The Fourth of July is a perfect time to enjoy a bit of summertime away from your office desk. But if you are early on in your career, or happen to work in the bustling startup world, and are trying to make this year’s Independence Day into a long weekend by taking a few extra days off work, the world’s nicest boss Bill Gates may have something to say.
The 63-year-old former Microsoft CEO now takes a lot of vacations and pays high respect to his employees’ work-life balance, as well. But dialing back 40 years, he was previously known for never taking a day off from work.
“I think you could over worship and mythologize the idea of working extremely hard. For my particular makeup—and it really is true that I didn’t believe in weekends; I didn’t believe in vacations,” Gates said of his early career at an event hosted by venture capital firm Village Global last month.
“I have a fairly hardcore view that there should be a very large sacrifice made during those early years,” he explained, “particularly if you’re trying to do some engineering things that you have to get the feasibility.”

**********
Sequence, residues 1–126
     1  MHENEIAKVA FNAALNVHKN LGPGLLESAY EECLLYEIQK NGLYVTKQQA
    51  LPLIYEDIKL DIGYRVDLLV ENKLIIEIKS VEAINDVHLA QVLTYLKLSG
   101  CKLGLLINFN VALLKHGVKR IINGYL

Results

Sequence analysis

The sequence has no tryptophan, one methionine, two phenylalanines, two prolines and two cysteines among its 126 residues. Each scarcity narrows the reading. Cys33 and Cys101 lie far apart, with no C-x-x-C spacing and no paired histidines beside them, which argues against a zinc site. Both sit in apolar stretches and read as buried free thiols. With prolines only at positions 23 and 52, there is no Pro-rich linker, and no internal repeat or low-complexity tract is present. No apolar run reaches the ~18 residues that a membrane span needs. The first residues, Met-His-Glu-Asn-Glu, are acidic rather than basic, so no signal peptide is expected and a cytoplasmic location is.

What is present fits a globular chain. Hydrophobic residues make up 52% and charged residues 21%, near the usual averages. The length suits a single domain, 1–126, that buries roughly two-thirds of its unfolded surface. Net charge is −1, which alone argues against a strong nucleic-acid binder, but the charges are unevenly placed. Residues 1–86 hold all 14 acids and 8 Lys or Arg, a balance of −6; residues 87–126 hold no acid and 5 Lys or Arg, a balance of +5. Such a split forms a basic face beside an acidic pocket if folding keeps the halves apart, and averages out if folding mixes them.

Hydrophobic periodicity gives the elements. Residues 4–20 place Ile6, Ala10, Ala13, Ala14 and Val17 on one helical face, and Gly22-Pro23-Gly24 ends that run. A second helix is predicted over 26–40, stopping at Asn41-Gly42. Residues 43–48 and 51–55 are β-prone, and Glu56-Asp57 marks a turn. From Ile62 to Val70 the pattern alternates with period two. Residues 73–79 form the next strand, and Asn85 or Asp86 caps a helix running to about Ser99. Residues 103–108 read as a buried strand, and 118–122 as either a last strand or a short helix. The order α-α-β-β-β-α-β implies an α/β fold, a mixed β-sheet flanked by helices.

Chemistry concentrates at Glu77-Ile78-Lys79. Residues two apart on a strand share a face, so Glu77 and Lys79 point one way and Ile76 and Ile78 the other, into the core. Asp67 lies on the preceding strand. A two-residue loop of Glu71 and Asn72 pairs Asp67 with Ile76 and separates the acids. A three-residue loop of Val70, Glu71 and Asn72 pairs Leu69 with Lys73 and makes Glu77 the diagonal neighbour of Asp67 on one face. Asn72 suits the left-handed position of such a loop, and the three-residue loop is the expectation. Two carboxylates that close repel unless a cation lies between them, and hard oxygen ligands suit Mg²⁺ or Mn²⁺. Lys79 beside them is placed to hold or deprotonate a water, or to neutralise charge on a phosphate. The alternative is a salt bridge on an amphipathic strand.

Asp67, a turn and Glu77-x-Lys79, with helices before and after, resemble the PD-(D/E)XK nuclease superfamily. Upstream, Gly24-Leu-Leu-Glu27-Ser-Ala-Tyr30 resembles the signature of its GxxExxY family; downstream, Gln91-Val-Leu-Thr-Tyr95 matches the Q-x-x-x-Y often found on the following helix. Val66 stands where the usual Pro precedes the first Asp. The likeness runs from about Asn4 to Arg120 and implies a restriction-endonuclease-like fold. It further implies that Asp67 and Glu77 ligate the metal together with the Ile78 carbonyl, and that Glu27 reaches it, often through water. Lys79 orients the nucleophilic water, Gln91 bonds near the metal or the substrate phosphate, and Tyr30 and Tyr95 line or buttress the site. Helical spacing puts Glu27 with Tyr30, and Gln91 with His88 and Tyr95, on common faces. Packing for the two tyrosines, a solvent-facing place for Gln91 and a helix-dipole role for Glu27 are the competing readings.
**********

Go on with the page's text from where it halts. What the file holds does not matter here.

That harsh expectation extended to his staff, too. “I mean, I knew everybody’s license plate so I could tell you over the last month when their cars had come and gone from the parking lot,” Gates said, adding that he wouldn’t recommend this approach to other managers nowadays, because “I don’t think most people would enjoy it.”
That intense lifestyle didn’t change until Gates entered his 30s, more specifically not until after meeting his future wife, Melinda.
“By then, some natural behavior kicked in, and I loved weekends,” he said. “You know, my girlfriend liked vacations. And that turned out to be kind of a neat thing. Now, I take lots of vacation. My 20-year-old self is so disgusted with my current self.”
Gates admitted that once a company achieves a reasonable scale, this type of workaholic culture needs to be changed. Today’s Microsoft, with a market value of over $1 trillion dollars, has one of the nation’s most generous vacation policies. An average employee gets three weeks of vacation time, two weeks of sick leave and a number of floating holidays, according to Glassdoor reviews.
The Gates family’s nonprofit vehicle, the Bill and Melinda Gates Foundation, is also blazing trails in extending paid family leave in the U.S. Until January of this year, the Gates Foundation offered employees 52 weeks of paid family leave. That benefit was then partially replaced by a cash stipend due to challenges in redistributing workload.